Liquidity Risk

The Central Bank released a discussion paper this week on the management of liquidity risk  – it is available here.  Comments are invited until December 31st to liquiditydp at

9 replies on “Liquidity Risk”

The call for debt write down is coming from mount merrion not from Franfurt. I speculate that as a result of the patient diplomacy of the great helmsman from Islandeady we will get a restructuring of the Anglo pro notes.


Maybe, but it appears that if Anglo had been called “Franco” there might have been more ambitious plans.

Mickey Hickey

thanks for the link.
See the comments, Nos 1 and 2. I had to reply to them (after going to the trouble of registering).

1. Peter NY
‘ “Get the losses financed by countries that can afford them, like Germany”???
Mr Mathews, maybe you should take off your shoe like Krushchev did, and bang it against your head. If your statements are indicative of the Irish sentiment, it is time the EU is kicking out parasites like you, and the UK and Greece right with you! ‘

2. Outraged Oakland
“I am so glad we let Lehman Brothers fail. I hated, hated TARP, but we needed to show Wall Street that we would let them fail. Unfortunately, that message is being lost all over the world, especially Greece. Now Ireland wants to be bailed out by an entirely different country.

I understand if Germans revolt and start taking pitchforks after Merkel. After all, we are really talking about the income of all Germans. German money should belong to Germans.”

and then my reply…

“Outraged Oakland,

Re:’Now Ireland wants to be bailed out by an entirely different country’

You should understand that Ireland (the government & the people) DID NOT receive this money. This is unlike the situation in Greece where the sovereign did actually get the money.

In the discussion about money owed to bond-holders people use the phrase \”if Ireland can’t or won’t pay it back\”.

It is incorrect to use the word ‘back’.

What is being considered is whether to ‘pay it’, or not, but as we, the Irish citizens, never received this money in the first place it is wrong to talk about paying it ‘back’.

In fact not only did Irish taxpayers not receive the money, the fact that foreign banks lent the money irresponsibly meant that the vast majority of Irish people were disadvantaged by massively inflated house prices. Sensible people never wanted this money to flood into Ireland in this way in the first place.

Can you please draw attention to the distinction between ‘pay it’ and ‘pay it back’ in your discussions, as more and more people are being mis-led (also unintentionally) and perhaps in an unconscious way even the Irish people are having the way they think about this manipulated – the Irish public themselves sometimes now also use the word ‘back’ inappropriately.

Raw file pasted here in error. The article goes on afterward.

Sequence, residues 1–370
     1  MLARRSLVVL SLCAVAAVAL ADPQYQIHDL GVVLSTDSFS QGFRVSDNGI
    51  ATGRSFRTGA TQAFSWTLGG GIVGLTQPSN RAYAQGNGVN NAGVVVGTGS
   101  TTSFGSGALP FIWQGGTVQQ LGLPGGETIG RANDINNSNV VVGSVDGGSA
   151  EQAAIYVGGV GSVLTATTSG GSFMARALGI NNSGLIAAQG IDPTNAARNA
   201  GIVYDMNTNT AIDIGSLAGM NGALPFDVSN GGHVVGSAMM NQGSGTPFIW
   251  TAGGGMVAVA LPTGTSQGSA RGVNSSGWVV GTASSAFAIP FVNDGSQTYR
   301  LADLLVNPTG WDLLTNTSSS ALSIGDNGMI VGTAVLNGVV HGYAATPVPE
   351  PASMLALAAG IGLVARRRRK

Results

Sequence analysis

Foreign PRIVATE risk-taking banks lent money to PRIVATE banks in Ireland, which later when going bust, in an attempt to stop a contagious disaster throughout Ireland and Europe, the Irish government said they’d try to guarantee this private debt (but the Irish citizens weren’t asked and certainly did not agree to it).

Professor Honohan and others said that Ireland prevented an event worse than the Lehman’s collapse in Europe. When it was obvious that the little Irish citizen couldn’t possibly pay this huge debt belonging to private risk-takers, Europe stepped in and insisted that there should be no ‘frightening the horses’, & haven’t yet let the debt be given back to those who it belongs to. Thank you. “

Liquidity risk is when you owe the ECB 153 thousand million and you don’t have a bulls notion where you are going to get some dosh to pay it back. And to compound the felony you embark on a policy of paying all bondholders of the banks and the sovereign in full.

They need to put more Euros in to get more Euros out – their eagerness to get the stuff out is perhaps a sign of weakness.
If we had officials who really cared about this place they would ditch their cosy network and tell them to go f……………….

Maybe a little off topic:
I’m alarmed at the 9% haircut on the €5bn portfolio of non Irish loans that BOI are selling:

Yes we knew Irish loand were awful…but foreign too ? 9% is serious considering that capital adequacy ratios would usually have 8% set aside. This suggests a total failure of the system of capital adequacy ratios

As such allowing for funding arbitrage, the loans should have sold for above face value.

The whole concept of liquidty vs capital is called into question by these type of deals.


Why not simply tear them up? €47 billion in dead dosh for a dead bank to be paid for by half dead serfs ….

‘… the great helmsman from Islandeady’. Tom Crean is dead – go see the play …

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